There remains the case of Wear OS. If the brand image of Apple manages to override the weak autonomy of its watches, it is far from being the case of the operating system of Google. The Mountain View company is aware of this and likes to repeat that autonomy is reinforced with each new update. The same goes for Qualcomm with its processors to power Wear OS watches. With each new chip, the promise is the same: “I promise, this time it’s the right one, the autonomy is really improved”. Not really convincing.
Realize: we even come to salute the autonomy of a Wear OS watch when it exceeds two days of autonomy, even when watches equipped with other systems exceed the week of use.
The main interest of Wear OS is however simple: to allow the installation of applications apart from those integrated by the manufacturer. The promise is beautiful. During the first years, we saw the appearance of many applications compatible with what was still called Android Wear: applications for orientation and for sports, of course, but also for watching videos, even playing games. . directly on his wrist. The developers had a blast, the users too.
Applications rarely essential
But it is clear that, eight years after the launch of Wear OS, applications have become very secondary. Watching a video on your watch doesn’t make sense, just like playing a game on such a small screen. Indeed, when we look at the list of the most installed applications on the Play Store, we find rather classic applications: Spotify, iHeart, YouTube Music, Call App, Shazam, Messages, Google Wallet, Outlook or Contact. These are often music control apps, orientation apps, or sports or health apps.
However, these features are often natively supported by many connected watches. The RTOS, for example, lets you control the music you listen to, regardless of the app you’re using on your smartphone. Managing messages and notifications is also supported, though not always possible to respond to. Finally, all connected watches offer applications for monitoring sports training. Sometimes even with the ability to sync sessions with third-party services like Strava or Runkeeper directly from the watch’s companion app.
When we look at the main use of connected watches by their users, the observation is clear. At the end of August, I asked a simple question on Twitter: “what is the main use you make of your connected watch”. I then offered four answers: notifications, third-party apps, health or step tracking, and workout tracking.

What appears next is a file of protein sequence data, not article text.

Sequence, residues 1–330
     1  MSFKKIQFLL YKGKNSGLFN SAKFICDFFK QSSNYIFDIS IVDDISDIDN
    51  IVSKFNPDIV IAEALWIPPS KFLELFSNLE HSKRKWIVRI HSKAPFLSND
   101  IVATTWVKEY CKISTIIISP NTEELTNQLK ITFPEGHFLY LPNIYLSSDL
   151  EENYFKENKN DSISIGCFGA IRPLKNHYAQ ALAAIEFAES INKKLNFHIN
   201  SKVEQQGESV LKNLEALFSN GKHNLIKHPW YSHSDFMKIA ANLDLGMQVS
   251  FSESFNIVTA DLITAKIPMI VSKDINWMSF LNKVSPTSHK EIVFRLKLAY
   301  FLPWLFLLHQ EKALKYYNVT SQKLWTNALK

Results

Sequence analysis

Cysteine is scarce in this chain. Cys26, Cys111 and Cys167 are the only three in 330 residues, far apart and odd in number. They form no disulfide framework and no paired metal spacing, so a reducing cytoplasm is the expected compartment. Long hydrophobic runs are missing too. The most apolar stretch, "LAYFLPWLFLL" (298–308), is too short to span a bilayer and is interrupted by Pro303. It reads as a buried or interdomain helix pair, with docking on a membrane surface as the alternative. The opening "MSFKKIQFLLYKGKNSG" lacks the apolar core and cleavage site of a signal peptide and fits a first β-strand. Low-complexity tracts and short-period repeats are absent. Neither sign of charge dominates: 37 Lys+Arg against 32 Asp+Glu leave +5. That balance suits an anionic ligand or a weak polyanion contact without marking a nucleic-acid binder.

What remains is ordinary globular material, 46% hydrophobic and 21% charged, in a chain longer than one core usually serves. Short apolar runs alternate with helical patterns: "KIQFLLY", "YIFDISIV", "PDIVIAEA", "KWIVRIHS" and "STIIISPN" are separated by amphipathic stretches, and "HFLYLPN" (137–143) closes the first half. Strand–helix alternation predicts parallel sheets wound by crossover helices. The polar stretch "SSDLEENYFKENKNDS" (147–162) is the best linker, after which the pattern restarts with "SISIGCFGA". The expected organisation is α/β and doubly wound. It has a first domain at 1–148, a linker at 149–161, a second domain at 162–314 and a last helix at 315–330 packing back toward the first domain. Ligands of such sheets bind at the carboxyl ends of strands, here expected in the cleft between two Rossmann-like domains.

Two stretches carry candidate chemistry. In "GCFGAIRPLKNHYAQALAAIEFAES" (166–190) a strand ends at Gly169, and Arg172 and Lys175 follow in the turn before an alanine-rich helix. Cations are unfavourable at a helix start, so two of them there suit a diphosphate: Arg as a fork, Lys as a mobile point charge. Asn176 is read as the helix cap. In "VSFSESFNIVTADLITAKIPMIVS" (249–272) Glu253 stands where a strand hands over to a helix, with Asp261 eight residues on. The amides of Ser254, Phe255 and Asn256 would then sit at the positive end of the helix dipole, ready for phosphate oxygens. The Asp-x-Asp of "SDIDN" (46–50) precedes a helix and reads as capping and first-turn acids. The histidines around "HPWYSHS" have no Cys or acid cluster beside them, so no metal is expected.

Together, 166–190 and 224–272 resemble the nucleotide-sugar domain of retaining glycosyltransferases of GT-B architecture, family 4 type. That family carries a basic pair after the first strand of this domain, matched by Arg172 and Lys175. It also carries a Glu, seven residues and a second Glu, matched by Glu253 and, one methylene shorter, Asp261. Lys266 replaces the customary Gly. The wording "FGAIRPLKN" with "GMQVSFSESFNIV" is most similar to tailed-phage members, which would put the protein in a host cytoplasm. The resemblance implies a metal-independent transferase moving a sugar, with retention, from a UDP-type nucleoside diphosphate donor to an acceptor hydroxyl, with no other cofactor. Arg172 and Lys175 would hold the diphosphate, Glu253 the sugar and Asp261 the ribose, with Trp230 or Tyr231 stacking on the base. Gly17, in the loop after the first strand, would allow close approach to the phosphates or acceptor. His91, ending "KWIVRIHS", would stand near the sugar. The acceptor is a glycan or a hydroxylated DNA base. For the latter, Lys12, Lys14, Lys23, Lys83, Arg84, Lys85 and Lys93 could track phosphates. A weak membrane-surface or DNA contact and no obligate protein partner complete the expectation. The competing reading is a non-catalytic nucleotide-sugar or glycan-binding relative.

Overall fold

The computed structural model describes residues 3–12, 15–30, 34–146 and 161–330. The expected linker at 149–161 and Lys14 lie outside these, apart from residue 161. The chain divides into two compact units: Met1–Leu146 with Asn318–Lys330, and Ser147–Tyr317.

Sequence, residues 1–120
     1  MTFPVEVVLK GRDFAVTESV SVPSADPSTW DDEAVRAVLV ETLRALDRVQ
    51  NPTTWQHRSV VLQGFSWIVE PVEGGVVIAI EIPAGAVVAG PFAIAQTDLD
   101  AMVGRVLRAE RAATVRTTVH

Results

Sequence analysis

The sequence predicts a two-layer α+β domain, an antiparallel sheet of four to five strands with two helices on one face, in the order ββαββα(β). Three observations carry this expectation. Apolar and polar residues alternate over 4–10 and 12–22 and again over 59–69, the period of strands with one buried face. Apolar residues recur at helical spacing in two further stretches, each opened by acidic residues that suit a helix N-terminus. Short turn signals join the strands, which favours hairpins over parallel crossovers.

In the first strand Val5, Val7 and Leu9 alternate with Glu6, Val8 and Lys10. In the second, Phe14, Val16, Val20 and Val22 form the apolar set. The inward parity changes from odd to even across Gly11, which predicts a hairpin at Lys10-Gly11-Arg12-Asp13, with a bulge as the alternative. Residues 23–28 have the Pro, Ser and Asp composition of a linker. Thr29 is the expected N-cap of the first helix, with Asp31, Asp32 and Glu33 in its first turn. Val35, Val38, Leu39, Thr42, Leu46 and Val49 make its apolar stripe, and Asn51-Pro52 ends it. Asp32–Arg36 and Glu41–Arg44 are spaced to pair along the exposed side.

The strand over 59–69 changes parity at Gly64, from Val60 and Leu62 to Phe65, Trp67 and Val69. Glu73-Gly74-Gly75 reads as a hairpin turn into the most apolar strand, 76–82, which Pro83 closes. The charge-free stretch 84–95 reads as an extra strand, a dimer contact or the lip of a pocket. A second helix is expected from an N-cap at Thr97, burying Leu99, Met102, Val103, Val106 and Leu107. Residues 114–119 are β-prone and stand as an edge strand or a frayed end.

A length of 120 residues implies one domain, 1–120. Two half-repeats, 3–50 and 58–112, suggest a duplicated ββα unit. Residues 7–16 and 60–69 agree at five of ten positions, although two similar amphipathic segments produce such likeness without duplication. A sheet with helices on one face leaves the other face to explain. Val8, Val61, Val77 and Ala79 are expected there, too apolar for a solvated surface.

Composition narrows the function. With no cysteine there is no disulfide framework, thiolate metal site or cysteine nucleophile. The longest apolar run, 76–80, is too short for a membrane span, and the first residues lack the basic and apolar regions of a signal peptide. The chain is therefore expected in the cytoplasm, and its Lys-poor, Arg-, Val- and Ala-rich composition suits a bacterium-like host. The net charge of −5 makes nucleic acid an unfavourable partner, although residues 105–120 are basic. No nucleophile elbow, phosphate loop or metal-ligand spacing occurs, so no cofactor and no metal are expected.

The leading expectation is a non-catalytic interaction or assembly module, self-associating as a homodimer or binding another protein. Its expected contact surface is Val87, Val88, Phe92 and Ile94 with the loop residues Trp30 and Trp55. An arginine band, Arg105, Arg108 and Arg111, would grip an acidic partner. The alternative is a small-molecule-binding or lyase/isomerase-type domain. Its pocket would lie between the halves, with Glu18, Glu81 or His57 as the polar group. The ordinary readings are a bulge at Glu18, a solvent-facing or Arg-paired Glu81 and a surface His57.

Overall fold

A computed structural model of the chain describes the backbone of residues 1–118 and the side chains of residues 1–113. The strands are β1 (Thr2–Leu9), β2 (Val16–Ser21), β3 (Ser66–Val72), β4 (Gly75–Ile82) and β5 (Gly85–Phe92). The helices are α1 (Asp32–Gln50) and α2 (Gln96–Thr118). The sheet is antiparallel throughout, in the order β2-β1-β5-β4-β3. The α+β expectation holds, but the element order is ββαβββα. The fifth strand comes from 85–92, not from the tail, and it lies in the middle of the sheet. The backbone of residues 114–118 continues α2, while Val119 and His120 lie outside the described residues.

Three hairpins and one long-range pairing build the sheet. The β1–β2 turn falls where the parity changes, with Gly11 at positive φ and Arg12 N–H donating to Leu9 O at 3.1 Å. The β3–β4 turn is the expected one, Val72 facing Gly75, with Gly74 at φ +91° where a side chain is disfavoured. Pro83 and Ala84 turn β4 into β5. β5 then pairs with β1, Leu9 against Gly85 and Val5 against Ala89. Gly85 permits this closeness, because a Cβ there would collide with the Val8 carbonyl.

⌚️ For connected watch wearers, I have a question.
For you, what is the main use you make of it? 🤔
— Geoffroy Husson (@Griffoooo) August 29, 2022
Notifications and health monitoring come first with 45.2 and 34.2% respectively of the nearly 600 votes. Behind, 16.8% of those who responded primarily use their watch for training tracking. Finally, far behind, third-party applications are only the main argument for 3.9% of users.
Of course, this Twitter poll does not claim to be exhaustive. Especially since, as several users have told me, third-party applications are rarely the main use, but can be the second criterion. But, it reinforces my point: these applications are moderately used.
Much less autonomy in Wear OS, but a glimmer of hope
However, if a user buys a watch primarily to have notifications on the wrist, to measure the number of steps or to precisely follow his sports performance, he does not need a connected watch – often bracelets under 100 euros offer the same functions – let alone watch under Wear OS. If we add that watches equipped with the Google system are generally more expensive than models under RTOS with much less autonomy, this begins to make a lot of arguments against the Google ecosystem.
Of course, I’m waiting to be shown that I’m wrong. The Galaxy Watch 5 Pro is already a step in the right direction with its two to three day battery life. But we are still far from the seven to fourteen days of autonomy displayed by RTOS or Harmony OS watches despite their equally vibrant and bright Oled screen. Maybe Qualcomm will manage to surprise us with its new Snapdragon W5+ Gen 1 chip at the end of the year.
Until then, the arguments in favor of Wear OS will always have difficulty convincing in the face of its faults. The uses put forward by Google’s operating system, namely hundreds of third-party applications, have little weight in the face of limited autonomy and prices much higher than those of simpler watches.